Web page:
John Leo
Two odd and recent news stories got little attention in the mainstream press. A Pennsylvania woman, fired after a long record of obnoxious behavior, sued her employer in federal court and won a key ruling. The judge said the woman was indeed "belligerent" and "unprofessional." She wrote abrasive e-mail and sassed her superiors. But because she was suffering from depression, the judge said she was protected by the Americans with Disabilities Act (ADA). So if a jury agrees with her at trial, her employer, Unisys Corp., will have to take her back and accommodate her somehow. The other story involved an 8-year-old Arkansas boy who was suspended from school for three days for pointing a breaded chicken finger at a teacher and saying "pow, pow, pow."

Both these stories went directly into my file folder marked "extension." This is where I stuff clippings about perfectly reasonable social or legal principles that are carried way too far, resulting in essentially insane policies. When the ADA was debated a decade ago, nobody suggested that it might one day be used to force employers to accept disruptive and insubordinate workers or sales people who curse the customers. Discussion focused on people with severe and mostly visible disabilities. Almost no one thought that backers of the ADA would push to include neurosis, drug habits, bad backs or high blood pressure. And when school boards passed zero-tolerance policies on weapons in schools, nobody predicted that offenders would include tots with water pistols, rubber knives, key chain ornaments and chicken fingers.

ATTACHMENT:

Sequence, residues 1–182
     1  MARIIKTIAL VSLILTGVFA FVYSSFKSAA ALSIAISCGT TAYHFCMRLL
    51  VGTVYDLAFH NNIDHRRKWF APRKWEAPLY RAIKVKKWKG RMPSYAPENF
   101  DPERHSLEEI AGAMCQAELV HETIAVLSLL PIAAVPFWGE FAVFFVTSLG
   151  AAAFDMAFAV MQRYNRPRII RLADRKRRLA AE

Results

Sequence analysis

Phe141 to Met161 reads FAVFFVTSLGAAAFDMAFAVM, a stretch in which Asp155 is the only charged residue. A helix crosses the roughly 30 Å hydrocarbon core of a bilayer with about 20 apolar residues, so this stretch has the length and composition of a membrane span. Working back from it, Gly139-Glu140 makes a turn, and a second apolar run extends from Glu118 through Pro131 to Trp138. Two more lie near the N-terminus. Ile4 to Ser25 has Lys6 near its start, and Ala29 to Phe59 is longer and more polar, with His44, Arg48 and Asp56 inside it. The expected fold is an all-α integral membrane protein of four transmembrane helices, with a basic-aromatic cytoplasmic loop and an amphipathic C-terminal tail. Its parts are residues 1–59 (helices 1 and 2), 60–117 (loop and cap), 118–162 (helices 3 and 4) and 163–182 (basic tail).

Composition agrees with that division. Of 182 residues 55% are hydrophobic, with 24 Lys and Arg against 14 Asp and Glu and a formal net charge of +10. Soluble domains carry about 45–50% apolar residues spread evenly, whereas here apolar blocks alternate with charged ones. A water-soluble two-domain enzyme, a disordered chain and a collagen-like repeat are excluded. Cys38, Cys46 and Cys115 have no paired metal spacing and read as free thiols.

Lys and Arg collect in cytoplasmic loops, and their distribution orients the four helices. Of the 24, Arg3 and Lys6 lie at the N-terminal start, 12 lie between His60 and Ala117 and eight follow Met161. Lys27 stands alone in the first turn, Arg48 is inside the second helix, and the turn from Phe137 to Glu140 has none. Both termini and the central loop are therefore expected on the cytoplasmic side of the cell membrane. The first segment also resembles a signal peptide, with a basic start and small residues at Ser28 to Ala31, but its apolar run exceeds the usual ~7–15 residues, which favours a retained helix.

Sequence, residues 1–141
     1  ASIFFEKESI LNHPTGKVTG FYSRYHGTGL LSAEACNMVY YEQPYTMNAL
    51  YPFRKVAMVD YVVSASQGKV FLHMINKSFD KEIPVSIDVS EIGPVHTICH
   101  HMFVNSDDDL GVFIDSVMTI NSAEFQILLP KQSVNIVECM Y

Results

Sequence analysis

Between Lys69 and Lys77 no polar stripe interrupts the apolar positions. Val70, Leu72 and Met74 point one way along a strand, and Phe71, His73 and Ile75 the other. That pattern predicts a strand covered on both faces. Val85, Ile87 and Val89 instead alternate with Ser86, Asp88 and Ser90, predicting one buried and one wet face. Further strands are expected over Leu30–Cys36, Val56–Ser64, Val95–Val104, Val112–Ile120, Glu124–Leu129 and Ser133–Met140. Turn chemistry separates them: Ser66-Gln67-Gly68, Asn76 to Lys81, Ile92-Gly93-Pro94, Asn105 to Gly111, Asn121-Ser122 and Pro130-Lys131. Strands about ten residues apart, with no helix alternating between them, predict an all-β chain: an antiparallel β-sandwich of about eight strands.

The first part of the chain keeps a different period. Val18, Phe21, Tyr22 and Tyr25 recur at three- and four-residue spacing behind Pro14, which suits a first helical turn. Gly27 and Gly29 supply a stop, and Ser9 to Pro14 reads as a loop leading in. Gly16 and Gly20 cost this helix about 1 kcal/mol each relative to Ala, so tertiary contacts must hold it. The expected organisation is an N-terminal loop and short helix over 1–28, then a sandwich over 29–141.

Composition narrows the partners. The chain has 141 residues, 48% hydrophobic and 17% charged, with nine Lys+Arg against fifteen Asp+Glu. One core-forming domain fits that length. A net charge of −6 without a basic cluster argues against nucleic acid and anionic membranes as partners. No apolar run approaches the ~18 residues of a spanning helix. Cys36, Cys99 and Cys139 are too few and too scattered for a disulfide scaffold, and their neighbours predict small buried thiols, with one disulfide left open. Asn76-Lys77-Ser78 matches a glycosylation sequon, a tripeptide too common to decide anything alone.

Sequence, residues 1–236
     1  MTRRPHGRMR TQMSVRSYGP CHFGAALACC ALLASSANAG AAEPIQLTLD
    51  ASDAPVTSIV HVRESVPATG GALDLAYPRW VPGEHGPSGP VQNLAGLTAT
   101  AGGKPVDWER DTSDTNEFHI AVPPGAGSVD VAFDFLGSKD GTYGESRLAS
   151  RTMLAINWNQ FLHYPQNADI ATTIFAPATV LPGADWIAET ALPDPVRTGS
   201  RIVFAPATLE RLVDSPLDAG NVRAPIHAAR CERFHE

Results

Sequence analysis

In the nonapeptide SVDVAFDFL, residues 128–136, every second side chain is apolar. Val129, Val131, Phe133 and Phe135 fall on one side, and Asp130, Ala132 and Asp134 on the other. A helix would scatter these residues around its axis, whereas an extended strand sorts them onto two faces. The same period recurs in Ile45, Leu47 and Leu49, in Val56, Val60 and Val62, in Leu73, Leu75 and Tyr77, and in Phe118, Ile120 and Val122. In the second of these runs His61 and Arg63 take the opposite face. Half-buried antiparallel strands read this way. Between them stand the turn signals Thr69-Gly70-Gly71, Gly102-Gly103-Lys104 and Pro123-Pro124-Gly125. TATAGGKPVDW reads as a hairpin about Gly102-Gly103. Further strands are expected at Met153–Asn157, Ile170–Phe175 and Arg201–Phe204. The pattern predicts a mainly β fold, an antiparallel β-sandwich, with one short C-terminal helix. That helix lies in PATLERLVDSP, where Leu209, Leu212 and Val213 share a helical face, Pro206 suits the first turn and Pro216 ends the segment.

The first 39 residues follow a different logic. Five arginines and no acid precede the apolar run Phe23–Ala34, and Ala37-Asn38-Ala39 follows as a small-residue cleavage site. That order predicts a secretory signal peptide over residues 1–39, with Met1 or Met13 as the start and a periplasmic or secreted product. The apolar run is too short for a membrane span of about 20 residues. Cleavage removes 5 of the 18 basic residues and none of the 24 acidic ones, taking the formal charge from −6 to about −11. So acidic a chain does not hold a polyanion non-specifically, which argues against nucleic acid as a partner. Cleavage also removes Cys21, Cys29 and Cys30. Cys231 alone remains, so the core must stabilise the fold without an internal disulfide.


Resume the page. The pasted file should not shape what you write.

Quiet overextension of accepted principles has become a standard political tactic. It can produce a lot of social change all at once, often without the bother of consulting the electorate. Take the concept of sexual harassment. What began in 1986 with a Supreme Court ruling in a case that involved repeated sexual assaults by a woman's boss established a legal doctrine now used to go after school teasing by first-graders and chuckling at the water cooler over naughty jokes on "Seinfeld."

John Leo

John Leo is editor of and a former contributing editor at U.S. News and World Report.

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